In all, I interviewed three authors of the paper, with a fourth talking to me by email. This is...a lot. Usually best practice is to talk to one author, maaaaybe two, because you also need time and room for independent commenters. (I also talked to six of those.)
All these interviews led me to the author who was most involved with tribal consultations (David Bustos, the park’s resource manager), and he was generous enough to introduce me to Kim Charlie, of the Pueblo of Acoma.
Kim has visited many of the footprints in White Sands (there are a lot more than just the ones in this paper!) and even uncovered some of them herself. She’s also a member of her tribe’s historic preservation board.
I’m so grateful she agreed to do an interview. Her comments were wonderful and included some evocative specifics about her ancestors’ history and lifeways, like their words for the megafauna species represented by tracks in the park.
(It should go without saying that I trust and support Kim’s assertion that the people who walked by the lake are her ancestors, and I quote her on it. There is NO evidence in this paper to the contrary. Plus, white people don’t get to tell Indigenous people who their ancestors are, ever.)
From my very first interview to talking to Kim, it took a week. I talked to Kim hours before my story had to be finalized. I'm lucky to have an editor who understood why we needed to hold time and space for her voice.
Now here’s a potentially uncomfortable reality—I had a week+ to do this story because it was a Science paper, and I write for Science. Most journalists had 3-3.5 days, from embargoed press release to publication. My story was finished on the day other reporters got started.
I’ve worked under that compressed timeline many times, and it’s really hard to think outside the box about finding sources or do “extra” interviews when you’re under a deadline like that. I’m not sure I could have found Kim in three days, even making my best effort.
Remember the three days also involves all the writing and editing, not just the interviews! For me/Science that’s AT LEAST three drafts going through two editors.
My intention in talking about these logistics is NOT to let any journalist, including me, off the hook for not including Indigenous sources in stories where their voices are important. Racism, conscious or unconscious, can and does play a part in those decisions. It’s not all about not having the time.
But I really want to show how prioritizing inclusion can be in tension with the toxic (and often false) urgency that governs journalism. Inclusion shouldn’t be considered “extra” work, but under the urgency paradigm, that’s how it’s treated, always and inevitably.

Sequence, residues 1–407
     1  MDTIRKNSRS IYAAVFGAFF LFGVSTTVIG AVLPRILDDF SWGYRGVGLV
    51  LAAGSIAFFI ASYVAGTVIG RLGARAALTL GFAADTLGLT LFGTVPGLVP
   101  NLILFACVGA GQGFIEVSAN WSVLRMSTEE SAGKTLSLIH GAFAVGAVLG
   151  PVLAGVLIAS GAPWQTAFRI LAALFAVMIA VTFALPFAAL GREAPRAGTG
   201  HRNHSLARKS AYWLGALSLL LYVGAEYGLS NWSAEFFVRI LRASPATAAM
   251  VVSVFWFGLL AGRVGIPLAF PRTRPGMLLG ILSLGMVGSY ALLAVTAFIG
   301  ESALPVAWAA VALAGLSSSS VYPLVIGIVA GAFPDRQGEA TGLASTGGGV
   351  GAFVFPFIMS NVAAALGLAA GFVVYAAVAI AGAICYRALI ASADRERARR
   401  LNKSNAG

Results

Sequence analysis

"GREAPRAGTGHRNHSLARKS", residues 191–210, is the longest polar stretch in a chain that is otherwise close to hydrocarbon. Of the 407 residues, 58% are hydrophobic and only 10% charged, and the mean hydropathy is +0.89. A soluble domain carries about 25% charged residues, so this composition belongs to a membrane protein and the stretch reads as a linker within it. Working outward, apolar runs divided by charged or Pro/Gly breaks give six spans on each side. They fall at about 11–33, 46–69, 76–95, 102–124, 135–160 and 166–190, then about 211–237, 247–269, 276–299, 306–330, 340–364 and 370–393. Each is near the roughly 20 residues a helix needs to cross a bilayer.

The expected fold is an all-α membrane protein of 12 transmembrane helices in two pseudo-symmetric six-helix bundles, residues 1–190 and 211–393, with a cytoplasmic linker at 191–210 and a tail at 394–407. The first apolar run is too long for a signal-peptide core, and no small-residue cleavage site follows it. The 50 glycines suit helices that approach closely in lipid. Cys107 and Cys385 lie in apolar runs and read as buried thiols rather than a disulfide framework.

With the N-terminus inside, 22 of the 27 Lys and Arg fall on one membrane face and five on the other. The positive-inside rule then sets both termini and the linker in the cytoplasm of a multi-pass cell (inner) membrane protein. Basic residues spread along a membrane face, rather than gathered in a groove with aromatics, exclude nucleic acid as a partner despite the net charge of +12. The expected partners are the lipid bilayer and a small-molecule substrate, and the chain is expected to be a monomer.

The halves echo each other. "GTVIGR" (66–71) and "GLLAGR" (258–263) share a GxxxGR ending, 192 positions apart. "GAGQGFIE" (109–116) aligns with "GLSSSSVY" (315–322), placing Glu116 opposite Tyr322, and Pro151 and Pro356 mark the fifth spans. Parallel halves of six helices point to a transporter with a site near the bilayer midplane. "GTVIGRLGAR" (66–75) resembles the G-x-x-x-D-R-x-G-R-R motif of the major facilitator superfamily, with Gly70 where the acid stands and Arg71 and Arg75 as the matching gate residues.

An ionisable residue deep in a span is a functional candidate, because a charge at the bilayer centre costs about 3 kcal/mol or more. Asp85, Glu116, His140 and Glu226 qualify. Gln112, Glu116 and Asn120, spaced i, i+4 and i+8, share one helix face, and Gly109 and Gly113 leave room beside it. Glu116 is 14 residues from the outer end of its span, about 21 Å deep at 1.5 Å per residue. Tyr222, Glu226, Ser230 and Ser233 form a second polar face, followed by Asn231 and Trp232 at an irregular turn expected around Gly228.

If we all uncritically bow down to the demands of urgency, inclusion WILL be sacrificed. If we prioritize inclusion, we need to also prioritize the time and space it takes to live up to our values. **cough cough I am talking to editors now!**
It’s partly for this reason that I rarely accept super-fast-turnaround assignments anymore. I simply can’t do the kind of work I want to do if I don’t have the time to do it. (The other reason is that I'm writing a book and am busy.)
If you’ve been reading my newsletter (hi!) you won't be surprised by the anti-urgency turn in this thread lol. Urgency is ableism by another name, and it’s a weapon of the status quo. It depletes you so you don’t have the energy to build a better world.
For more, please check out this piece in High Country News by Nick Martin, a journalist and member of the Sappony Tribe of North Carolina. He raises the possibility that just including an Indigenous voice or two in a story that’s still built around the Western scientific peopling-of-the-Americas paradigm isn’t and will never be good enough. (I think about that a lot, and what it means for how/if I write these kinds of stories in the future.)
Why is it so hard for an Indigenous truth to become an American fact? The White Sands discovery’s biggest accomplishment lies less in its scientific merits than in the way the fallout to the news highlights the lengths to which colonialist institutions — the academy, the scientific journal, the mainstream newspaper — will go to avoid conceding that their grand discovery is merely a physical acknowledgement of something Indigenous people have been saying all along.
And this thread by archaeologist Kisha Supernant, who is Métis, from which this quote comes:
Gaps in scientific knowledge (from archaeology, genetics, or related fields) of these early times remain large, but absence of evidence is not evidence of absence. There are many things scientists do not know about the past; this site allows for more questions to be asked.